Uncorked quenches our curiosity about the inner workings of one of the world's most prized beverages. Esteemed for its freshness, vitality, and sensuality, champagne is a wine of great complexity. Mysteries aplenty gush forth with the popping of that cork. Just what is that fizz? Can you judge champagne quality by how big the bubbles are, how long they last, or how they behave before they fade? And why does serving champagne in a long-stemmed flute prolong its chill and effervescence? Through lively prose and a wealth of state-of-the-art photos, this revised edition of Uncorked unlocks the door to what champagne is all about. Providing an unprecedented close-up view of the beauty in the bubbles, Gerard Liger-Belair presents images that look surprisingly like lovely flowers, geometric patterns, even galaxies as the bubbles rise through the glass and burst forth on the surface. He illustrates how bubbles form not on the glass itself but are "born" out of debris stuck on the glass wall, how they rise, and how they pop. Offering a colorful history of champagne, Liger-Belair tells us how it is made and he asks if global warming could spell champagne's demise.
In a brand-new afterword, he updates the reader on new developments in the world of bubble science and delves even more deeply into the processes that give champagne its unique and beautiful character. Bubbly may tickle the nose, but Uncorked tackles what the nose and the naked eye cannot--the spectacular science that gives champagne its charm and champagne drinkers immeasurable pleasure.
Publisher: Princeton University Press
Number of pages: 216
Weight: 567 g
Dimensions: 191 x 191 mm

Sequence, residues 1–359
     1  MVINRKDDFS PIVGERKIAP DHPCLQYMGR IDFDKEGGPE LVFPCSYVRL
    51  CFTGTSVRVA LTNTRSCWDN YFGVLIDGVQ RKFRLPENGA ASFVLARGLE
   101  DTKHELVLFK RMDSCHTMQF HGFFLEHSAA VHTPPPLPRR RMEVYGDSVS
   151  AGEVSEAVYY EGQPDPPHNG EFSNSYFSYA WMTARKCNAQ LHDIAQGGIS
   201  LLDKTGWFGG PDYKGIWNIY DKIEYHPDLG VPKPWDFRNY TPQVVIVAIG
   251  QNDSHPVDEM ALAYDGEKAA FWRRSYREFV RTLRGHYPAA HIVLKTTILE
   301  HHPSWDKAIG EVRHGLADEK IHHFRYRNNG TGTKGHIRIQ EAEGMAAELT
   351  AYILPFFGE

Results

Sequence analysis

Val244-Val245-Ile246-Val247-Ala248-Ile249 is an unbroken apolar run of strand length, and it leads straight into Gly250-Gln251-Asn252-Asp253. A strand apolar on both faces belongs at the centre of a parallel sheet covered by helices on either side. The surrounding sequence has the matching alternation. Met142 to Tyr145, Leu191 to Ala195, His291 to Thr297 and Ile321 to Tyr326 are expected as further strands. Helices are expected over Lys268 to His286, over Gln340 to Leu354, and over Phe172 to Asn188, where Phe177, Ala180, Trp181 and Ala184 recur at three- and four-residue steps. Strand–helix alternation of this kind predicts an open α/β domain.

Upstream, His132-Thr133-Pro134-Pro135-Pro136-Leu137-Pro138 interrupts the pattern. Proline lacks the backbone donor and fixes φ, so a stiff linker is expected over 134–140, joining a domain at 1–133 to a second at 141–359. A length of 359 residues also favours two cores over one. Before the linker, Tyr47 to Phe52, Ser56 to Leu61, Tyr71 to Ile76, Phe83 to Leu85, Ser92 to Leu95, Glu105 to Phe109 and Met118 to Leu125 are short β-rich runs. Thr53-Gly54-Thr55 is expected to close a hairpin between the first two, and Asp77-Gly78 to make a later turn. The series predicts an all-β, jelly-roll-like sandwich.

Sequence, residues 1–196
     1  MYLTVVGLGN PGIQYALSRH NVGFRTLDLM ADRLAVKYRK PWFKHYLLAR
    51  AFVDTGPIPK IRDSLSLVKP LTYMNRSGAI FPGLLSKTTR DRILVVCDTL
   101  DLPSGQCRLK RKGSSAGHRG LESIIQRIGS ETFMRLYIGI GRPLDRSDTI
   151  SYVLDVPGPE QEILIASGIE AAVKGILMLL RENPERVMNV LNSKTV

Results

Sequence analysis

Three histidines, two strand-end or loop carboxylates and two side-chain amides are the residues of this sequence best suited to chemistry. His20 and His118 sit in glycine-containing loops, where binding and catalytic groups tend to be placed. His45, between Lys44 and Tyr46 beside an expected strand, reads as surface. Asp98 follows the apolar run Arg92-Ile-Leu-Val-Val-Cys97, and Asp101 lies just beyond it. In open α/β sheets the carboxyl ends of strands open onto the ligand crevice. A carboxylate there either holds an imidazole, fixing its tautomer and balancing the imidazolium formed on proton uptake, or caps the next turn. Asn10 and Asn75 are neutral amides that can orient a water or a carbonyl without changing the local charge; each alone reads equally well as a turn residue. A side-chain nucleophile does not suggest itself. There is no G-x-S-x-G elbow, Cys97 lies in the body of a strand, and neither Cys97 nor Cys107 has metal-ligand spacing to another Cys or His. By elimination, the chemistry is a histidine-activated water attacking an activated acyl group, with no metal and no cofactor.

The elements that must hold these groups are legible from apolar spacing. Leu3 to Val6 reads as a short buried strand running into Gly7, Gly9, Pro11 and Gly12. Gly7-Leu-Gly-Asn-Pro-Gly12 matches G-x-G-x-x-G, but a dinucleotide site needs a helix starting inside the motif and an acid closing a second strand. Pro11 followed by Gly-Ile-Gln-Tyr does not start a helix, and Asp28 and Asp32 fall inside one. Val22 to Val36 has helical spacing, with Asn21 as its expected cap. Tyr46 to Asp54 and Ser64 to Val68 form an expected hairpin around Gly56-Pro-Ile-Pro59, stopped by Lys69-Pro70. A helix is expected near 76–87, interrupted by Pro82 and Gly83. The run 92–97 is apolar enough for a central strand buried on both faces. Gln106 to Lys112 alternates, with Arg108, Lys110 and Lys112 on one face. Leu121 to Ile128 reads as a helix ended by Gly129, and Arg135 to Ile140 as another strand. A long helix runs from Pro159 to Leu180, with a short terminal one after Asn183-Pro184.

Winner of the 2005 Best Book in the World on French Wine, Gourmand World Cookbook Awards Winner of the 2004 Award for Best Professional/Scholarly Book in Physics and Astronomy, Association of American Publishers Praise for the previous edition: "[This] jewel-of-a-book makes the perfect companion gift to a bottle of bubbly... Written by a passionate, wine-loving physicist with just the proper level of jargon for non-scientists, the birth, rise and bursting of a Champagne bubble is scrutinized, rhapsodized, diagrammed, photographed and, finally, demystified... Knowing more about a bubble's lowly birth (formed from debris on the side of the glass) and ephemeral rise to fame will only serve to make you love it more."--Claudia Conlon, Wine News Praise for the previous edition: "This book presents the birth, life and death of a champagne bubble with such gusto, good humor and clarity that you will devour its delicious contents in one gulp. Whereas good champagne is to be sipped, this book is not. You will never experience the sensual elegance of champagne in quite the same way again once you have read this entertaining account of its history and 'fizzics.'"--Richard N. Zare, Nature Praise for the previous edition: "A highly entertaining introduction to the science of champagne bubbles... Uncorked is very readable, and Liger-Belair's clear and simple descriptions of the physics are superbly suitable for a general audience. The book is also very aesthetically pleasing, making it an ideal present for wine lovers and bores alike."--Stuart West, Science Praise for the previous edition: "Uncorked is an interesting, enjoyable read for anyone who has gazed too long upon a champagne-filled flute."--Gregory Mone, Popular Science Praise for the previous edition: "Liger-Belair, a physicist inspired to study bubbles by a brainstorm over a beer, delves into a champagne flute with a curiosity as strong as his microscope. The result is a book as informative as it is engaging, boosted by the gorgeous, up-close photos of bubbles in motion."--Tara Q. Thomas, Denver Post Praise for the previous edition: "A delightfully readable little book."--Joanna Simon, Sunday Times--London Praise for the previous edition: "[A] convivial examination of the party season's favorite tipple."--Paul Nettleton, Guardian Praise for the previous edition: "The ultimate guide to the 'fizzics' of sparkling wine."--Deborah Scoblionkov, Philadelphia Inquirer